Exploring the Wonders of Isabel Island in Galapagos: Uncovering the World’s Biggest and Most Perilous Crater

The biggest island among the Galapagos Islands is called Isabela Island. It has a land area of 4640 square kilometers (1790 square miles) and spans over a length of 100 kilometers (62 miles). In comparison, it is almost four times bigger than the second-largest island, Santa Cruz, in the archipelago.

The island’s initial name was the Duke of Albemarle, but it was later named after Queen Isabella of Spain. Isabel Island is located right on the equator.

Isabela Island, situated on the western edge of the Galapagos archipelago near the Galapagos hotspot, is one of the youngest islands in the chain. It was formed by the merging of six shield volcanoes, making it nearly one million years old.

In 1893, the settlements of Santo Tomas and Puerto Villamil were established on the island. As time passed, by the year 1905, the population of the island had grown to 200 people.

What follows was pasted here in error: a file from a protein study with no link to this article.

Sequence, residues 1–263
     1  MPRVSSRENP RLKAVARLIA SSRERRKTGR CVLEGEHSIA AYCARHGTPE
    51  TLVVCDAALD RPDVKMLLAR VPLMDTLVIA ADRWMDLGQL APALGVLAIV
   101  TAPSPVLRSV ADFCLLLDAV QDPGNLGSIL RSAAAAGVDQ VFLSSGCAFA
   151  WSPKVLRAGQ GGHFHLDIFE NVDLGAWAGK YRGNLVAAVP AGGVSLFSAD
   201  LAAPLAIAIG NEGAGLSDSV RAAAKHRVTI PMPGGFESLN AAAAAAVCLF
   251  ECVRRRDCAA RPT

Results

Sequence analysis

Back in the day, exports mainly consisted of coral-made lime and sulfur extracted from fumaroles. Moreover, tortoises were utilized for their meat and oil.

Some of the most well-liked sights to see on Isabela Island are the Flamingo Lagoon and El Muro de las Lagrimas wall. The wall was constructed by prisoners who were being held on the island when it functioned as a penal colony. These two attractions are situated in the southern portion of the island.

The port of call for cruises to Isabel Island is the dock at Puerto Ayora, located on the southern coast of Santa Cruz Island. This is where the ships anchor and passengers can disembark to explore the island.

This map displays the itineraries of Galapagos Islands cruises, highlighting the primary routes and every stop at the islands’ ports and landing sites.

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